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A revised protocol for culture of airway epithelial cells as a diagnostic tool for primary ciliary dyskinesia

A revised protocol for culture of airway epithelial cells as a diagnostic tool for primary ciliary dyskinesia
A revised protocol for culture of airway epithelial cells as a diagnostic tool for primary ciliary dyskinesia
Air-liquid interface (ALI) culture of nasal epithelial cells is a valuable tool in the diagnosis and research of primary ciliary dyskinesia (PCD). Ex vivo samples often display secondary dyskinesia from cell damage during sampling, infection or inflammation confounding PCD diagnostic results. ALI-culture enables regeneration of healthy cilia facilitating differentiation of primary from secondary ciliary dyskinesia. We describe a revised ALI-culture method adopted from April 2018 across three collaborating PCD diagnostic sites, including current University Hospital Southampton COVID-19 risk mitigation measures, and present results. Two hundred and forty nasal epithelial cell samples were seeded for ALI-culture and 199 (82.9%) ciliated. Fifty-four of 83 (63.9%) ex vivo samples which were originally equivocal or insufficient provided diagnostic information following in vitro culture. Surplus basal epithelial cells from 181 nasal brushing samples were frozen in liquid nitrogen; 39 samples were ALI-cultured after cryostorage and all ciliated. The ciliary beat patterns of ex vivo samples (by high-speed video microscopy) were recapitulated, scanning electron microscopy demonstrated excellent ciliation, and cilia could be immuno-fluorescently labelled (anti-alpha-tubulin and anti-RSPH4a) in representative cases that were ALI-cultured after cryostorage. In summary, our ALI-culture protocol provides high ciliation rates across three centres, minimising patient recall for repeat brushing biopsies and improving diagnostic certainty. Cryostorage of surplus diagnostic samples was successful, facilitating PCD research
pcd, ALI-culture, bio-resource, primary nasal epithelium, diagnostics
Coles, Janice
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Thompson, James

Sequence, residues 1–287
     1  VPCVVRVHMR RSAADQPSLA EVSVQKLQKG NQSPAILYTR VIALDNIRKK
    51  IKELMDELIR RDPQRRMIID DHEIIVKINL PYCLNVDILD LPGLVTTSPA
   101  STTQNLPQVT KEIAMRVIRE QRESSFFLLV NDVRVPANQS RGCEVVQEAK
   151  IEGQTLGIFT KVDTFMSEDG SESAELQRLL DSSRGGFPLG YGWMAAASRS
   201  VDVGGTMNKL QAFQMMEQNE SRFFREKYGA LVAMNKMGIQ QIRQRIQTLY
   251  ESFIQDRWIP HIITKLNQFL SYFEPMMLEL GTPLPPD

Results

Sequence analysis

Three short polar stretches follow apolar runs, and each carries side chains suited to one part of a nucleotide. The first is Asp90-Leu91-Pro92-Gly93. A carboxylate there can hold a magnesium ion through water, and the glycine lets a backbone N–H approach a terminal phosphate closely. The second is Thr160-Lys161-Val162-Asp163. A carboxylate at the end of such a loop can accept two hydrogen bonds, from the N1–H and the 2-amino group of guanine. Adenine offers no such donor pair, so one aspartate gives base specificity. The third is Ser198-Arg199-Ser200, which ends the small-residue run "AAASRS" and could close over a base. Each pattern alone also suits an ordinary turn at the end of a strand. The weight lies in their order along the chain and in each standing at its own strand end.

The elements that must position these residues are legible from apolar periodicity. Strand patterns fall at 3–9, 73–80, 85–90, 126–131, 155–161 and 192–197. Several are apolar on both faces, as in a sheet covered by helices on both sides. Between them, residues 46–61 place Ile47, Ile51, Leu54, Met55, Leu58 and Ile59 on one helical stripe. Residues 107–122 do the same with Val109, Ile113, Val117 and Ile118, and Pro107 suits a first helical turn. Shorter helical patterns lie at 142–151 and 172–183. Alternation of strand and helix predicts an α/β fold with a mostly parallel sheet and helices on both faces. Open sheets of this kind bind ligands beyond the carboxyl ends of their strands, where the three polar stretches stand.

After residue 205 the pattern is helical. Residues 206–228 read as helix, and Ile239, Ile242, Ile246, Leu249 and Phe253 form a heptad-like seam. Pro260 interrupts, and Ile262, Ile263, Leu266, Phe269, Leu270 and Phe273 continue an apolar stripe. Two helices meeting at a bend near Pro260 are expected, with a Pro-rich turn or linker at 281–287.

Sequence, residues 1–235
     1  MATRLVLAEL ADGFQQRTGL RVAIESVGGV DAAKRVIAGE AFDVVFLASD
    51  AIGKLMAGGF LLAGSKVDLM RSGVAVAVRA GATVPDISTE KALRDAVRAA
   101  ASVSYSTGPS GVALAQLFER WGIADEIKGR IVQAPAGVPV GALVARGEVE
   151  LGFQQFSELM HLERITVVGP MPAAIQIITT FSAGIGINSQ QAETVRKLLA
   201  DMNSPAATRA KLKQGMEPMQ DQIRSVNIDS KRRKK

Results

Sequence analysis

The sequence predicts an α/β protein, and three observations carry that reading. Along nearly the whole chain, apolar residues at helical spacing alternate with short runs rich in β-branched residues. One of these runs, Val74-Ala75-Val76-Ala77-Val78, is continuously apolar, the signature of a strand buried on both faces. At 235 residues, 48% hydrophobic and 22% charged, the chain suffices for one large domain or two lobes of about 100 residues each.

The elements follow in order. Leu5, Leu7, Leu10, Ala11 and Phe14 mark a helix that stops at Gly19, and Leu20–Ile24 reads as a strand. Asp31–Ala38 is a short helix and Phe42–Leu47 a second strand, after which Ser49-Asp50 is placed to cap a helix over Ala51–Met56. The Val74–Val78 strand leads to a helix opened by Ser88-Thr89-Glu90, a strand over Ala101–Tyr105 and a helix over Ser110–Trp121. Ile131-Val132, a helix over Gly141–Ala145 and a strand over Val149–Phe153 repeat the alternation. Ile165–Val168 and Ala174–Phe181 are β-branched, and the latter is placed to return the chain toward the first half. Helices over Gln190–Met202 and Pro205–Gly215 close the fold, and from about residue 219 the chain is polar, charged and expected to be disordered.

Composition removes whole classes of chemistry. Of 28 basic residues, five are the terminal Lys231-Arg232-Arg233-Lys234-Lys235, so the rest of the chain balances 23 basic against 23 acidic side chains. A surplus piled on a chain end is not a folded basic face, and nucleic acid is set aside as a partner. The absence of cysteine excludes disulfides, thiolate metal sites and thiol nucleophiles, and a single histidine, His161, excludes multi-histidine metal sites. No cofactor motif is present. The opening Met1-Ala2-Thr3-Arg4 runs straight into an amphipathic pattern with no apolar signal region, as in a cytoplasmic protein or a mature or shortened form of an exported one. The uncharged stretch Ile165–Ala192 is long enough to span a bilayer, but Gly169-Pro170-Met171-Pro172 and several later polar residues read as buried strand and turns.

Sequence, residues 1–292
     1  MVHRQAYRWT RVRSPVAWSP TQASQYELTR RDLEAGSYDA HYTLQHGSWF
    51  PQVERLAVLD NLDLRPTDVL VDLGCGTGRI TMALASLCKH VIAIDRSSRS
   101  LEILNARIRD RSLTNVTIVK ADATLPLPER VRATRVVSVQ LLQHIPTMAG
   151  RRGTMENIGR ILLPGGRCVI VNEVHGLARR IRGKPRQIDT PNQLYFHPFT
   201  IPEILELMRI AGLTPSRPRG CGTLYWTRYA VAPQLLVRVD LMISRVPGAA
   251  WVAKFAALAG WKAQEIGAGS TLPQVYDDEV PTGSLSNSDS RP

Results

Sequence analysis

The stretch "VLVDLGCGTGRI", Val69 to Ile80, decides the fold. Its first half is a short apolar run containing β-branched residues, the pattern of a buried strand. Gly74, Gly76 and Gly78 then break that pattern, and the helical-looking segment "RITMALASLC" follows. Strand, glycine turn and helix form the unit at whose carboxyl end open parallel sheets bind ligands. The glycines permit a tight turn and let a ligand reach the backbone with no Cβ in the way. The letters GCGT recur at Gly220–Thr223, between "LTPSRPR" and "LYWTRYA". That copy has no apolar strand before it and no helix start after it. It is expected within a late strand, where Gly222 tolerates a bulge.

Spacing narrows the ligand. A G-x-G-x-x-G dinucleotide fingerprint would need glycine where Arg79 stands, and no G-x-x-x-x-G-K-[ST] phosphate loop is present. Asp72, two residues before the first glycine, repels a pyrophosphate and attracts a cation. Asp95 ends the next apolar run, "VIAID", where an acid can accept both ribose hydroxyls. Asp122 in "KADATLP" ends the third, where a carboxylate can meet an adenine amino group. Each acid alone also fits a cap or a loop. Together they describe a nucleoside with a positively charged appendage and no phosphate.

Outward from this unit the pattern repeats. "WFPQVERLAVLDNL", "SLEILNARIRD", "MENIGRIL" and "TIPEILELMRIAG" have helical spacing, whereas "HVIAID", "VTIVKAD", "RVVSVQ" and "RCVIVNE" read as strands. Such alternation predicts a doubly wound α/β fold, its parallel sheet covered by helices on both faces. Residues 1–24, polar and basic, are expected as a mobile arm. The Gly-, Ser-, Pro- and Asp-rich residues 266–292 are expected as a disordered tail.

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Horton, Katie Leanne
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Hirst, Robert A.
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Griffin, Paul
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Williams, Gwyneth
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Goggin, Patricia Mary
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Doherty, Regan Jean
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Lackie, Peter
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Harris, Amanda
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Walker, Woolf T.
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O'Callaghan, Christopher
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Hogg, Claire
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Lucas, Jane
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Blume, Cornelia
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Jackson, Claire
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Coles, Janice
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Thompson, James
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Horton, Katie Leanne
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Hirst, Robert A.
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Griffin, Paul
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Williams, Gwyneth
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Goggin, Patricia Mary
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Doherty, Regan Jean
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Lackie, Peter
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Harris, Amanda